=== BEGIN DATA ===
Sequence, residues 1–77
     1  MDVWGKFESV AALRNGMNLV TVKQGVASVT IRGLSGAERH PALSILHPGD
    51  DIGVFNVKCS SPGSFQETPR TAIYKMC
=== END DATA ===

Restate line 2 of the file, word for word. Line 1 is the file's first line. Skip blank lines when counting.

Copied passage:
     1  MDVWGKFESV AALRNGMNLV TVKQGVASVT IRGLSGAERH PALSILHPGD